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Westgarth shares principles with students in Beijing

Stanley Cup champion tells hockey story, gives life lessons as part of 2017 China Games

by Chris Clark

As part part of the 2017 NHL China Games presented by O.R.G. Packaging, Kevin Westgarth, the League's Vice President of Business Development & International Affairs, visited the Western Academy of Beijing on Tuesday to share his hockey story with the students. Chris Clark, the PR & Digital Communications Specialist at the school, was there. Here is his story:


To Stanley Cup champion Kevin Westgarth, the value of learning hockey does not lie solely in the fact that it makes you better at the sport.

"The true value of hockey is that it makes you a better person, giving you skills on the ice, in the classroom, and eventually in the work place," Westgarth, the NHL's Vice President of Business Development & International Affiars, told a crowd at Western Academy of Beijing (WAB) on Tuesday. "The best part is that while you are learning, you're making lifelong friends and memories along the way." 

WAB invited Westgarth, a member of the 2012 Stanley Cup champion Los Angeles Kings, on campus to speak to the Beijing community as part of its Distinguished Speaker Series. Leading up to the 2017 NHL China Games in Beijing and Shanghai, he shared his hockey story, the lessons he learned along the way, and coached students through a shootout against the WAB Tiger mascot.

Westgarth said he hoped the kids and parents at WAB took away two things from their time together. One is that hockey makes you a better person, not just a better athlete.

"The second is that just because we're good in one area -- whether it's school, music or sports -- doesn't mean we can't be good at everything," he said. "We should ask ourselves for excellence in all areas of our lives, working hard to achieve our best."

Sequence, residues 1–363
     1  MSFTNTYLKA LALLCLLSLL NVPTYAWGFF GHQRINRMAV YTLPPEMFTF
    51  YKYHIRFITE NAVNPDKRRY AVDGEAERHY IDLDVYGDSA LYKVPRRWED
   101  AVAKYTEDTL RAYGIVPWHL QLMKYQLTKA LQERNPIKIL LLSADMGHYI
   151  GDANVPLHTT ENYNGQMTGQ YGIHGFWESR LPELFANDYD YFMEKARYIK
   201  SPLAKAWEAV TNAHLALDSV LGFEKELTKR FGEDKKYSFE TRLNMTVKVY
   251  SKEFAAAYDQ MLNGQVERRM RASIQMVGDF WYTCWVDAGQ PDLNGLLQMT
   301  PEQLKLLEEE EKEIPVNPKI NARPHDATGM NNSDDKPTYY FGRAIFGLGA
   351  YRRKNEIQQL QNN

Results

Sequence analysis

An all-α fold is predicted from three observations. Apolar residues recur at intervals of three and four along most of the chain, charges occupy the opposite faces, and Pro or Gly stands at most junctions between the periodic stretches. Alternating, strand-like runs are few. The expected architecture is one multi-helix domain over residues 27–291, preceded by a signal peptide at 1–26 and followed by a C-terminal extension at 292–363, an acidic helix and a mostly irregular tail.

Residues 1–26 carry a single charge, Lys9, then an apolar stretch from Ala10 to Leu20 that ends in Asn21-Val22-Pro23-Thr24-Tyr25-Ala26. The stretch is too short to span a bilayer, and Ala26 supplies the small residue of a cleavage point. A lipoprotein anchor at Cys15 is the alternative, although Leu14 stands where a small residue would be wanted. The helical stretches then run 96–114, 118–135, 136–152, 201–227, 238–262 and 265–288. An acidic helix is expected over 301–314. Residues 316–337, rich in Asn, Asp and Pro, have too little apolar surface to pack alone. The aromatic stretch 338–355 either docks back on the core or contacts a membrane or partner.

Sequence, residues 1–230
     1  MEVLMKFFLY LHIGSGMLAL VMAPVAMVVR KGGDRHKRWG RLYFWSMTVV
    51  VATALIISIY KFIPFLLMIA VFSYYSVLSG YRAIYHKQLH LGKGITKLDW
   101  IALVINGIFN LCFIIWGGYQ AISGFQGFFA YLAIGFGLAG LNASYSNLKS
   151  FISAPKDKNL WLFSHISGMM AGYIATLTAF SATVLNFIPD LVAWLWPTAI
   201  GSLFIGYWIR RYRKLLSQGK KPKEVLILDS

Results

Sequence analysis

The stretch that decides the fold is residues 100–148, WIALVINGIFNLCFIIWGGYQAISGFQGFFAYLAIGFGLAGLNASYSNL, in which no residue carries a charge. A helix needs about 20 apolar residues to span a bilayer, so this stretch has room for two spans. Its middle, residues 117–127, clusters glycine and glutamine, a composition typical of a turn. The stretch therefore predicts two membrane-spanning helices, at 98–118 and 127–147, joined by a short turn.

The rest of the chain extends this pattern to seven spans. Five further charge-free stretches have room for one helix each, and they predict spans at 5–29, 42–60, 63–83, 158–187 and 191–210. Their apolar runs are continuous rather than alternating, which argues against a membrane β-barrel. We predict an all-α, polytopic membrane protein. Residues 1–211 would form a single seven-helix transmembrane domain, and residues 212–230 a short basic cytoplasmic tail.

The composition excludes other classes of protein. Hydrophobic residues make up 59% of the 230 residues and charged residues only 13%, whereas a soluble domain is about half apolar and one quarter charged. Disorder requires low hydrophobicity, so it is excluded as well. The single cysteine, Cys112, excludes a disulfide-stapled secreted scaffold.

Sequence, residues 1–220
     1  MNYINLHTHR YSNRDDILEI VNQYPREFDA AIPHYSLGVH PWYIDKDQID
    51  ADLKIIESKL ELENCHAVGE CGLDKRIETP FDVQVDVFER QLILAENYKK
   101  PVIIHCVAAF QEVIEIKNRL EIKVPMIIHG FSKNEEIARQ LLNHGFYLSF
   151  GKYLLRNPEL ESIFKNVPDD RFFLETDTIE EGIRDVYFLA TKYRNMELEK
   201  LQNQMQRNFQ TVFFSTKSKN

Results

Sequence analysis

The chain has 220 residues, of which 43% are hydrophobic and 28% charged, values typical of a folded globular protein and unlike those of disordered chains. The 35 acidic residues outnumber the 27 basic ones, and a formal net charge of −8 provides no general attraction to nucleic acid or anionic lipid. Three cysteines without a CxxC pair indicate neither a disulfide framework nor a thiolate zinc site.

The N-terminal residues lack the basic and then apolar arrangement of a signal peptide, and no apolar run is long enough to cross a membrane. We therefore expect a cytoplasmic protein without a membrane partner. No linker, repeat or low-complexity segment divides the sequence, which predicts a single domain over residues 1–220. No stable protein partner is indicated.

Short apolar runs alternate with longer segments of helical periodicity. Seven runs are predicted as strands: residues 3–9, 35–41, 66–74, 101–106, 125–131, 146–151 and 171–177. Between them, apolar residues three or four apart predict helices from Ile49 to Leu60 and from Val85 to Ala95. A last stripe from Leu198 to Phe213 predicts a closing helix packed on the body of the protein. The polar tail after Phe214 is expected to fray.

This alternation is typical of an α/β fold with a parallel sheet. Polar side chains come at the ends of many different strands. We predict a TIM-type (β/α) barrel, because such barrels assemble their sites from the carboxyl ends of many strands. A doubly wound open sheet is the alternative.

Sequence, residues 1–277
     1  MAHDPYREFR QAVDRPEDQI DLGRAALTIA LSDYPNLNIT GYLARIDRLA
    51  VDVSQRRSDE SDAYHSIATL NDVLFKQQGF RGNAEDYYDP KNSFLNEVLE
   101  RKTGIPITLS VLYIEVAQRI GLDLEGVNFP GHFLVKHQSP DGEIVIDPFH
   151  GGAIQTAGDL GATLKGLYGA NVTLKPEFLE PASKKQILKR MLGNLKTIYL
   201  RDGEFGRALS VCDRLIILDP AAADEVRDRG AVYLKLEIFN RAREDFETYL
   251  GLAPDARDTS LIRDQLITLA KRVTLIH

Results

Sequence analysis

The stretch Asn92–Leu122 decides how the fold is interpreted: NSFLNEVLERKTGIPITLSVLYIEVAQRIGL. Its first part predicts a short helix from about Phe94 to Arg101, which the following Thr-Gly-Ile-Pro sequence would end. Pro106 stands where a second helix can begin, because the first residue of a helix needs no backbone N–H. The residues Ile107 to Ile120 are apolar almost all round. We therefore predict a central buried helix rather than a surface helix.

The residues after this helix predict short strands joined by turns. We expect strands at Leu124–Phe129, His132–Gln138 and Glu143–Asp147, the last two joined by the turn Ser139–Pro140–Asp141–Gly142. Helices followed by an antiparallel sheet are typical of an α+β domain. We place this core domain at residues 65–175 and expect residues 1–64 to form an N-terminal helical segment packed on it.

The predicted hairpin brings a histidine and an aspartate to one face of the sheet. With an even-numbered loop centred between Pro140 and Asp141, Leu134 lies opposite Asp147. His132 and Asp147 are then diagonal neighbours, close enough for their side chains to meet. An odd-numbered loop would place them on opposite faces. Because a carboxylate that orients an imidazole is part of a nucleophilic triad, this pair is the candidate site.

Before signing autographs and playing hockey in Founders' with the kids, Westgarth shared the eight values he learned on his hockey journey -- from his parents, brother, coaches, teammates and friends.


Work Ethic and Respect

Westgarth, who attended Princeton University, grew up in a town of 8,000, where the Ivy League and NHL seemed a million miles away. It didn't seem realistic. While Kevin and his brother played many sports, his parents always stressed the importance of an education and well-balanced life. "It was always a battle to manage your time and take care of business in the classroom. I saw the way my parents worked hard, and the lessons I learned from them were reinforced on the ice," he said. "I learned not only to respect my parents, but everyone including my teammates, coaches, and even opponents."


Humility and Perseverance

At the age of 13, when most hockey players who have dreams of making it to a higher level expect to start making progress, Westgarth was cut from his Triple-A team.

"It taught me to be humble. It taught me that if I wanted to live my dream then I was going to have to stick with it and work harder than everybody around me."


Confidence and Team Work

Looking around Princeton and seeing so many accomplished and brilliant people, Westgarth said he lost confidence in his own abilities. "With the support I got from my teammates playing hockey at Princeton, I was able to overcome that. I learned confidence on the ice, and took it off the ice. Demanding excellence should become a habit in anything you decide to spend your time on."

He talked about his underdog Kings team in 2012, which, through great efforts as a team, overcame all odds to win the Stanley Cup.

"That was the most surreal and amazing experiences of my life," Westgarth said. "It was hard to believe it was actually happening. I still pinch myself when I see videos of it, because it was an absolute dream come true."


Communication and Discipline

Kevin's first shot at playing professionally came during his final year at Princeton. His professors allowed him to finish his coursework while playing for a team five hours away from campus, which required great communication and discipline. While his teammates were watching DVDs after practice, Westgarth was in his room studying and finalizing his thesis. "It was a great lesson. I graduated with a degree from Princeton, and my brother had taken a year off, so we actually graduated the same year. [My parents,] Reg and Gilda Westgarth were a couple happy parents when they came to the Princeton graduation that year."

To learn more about how WAB connects its community with influential speakers, visit our Connect page.

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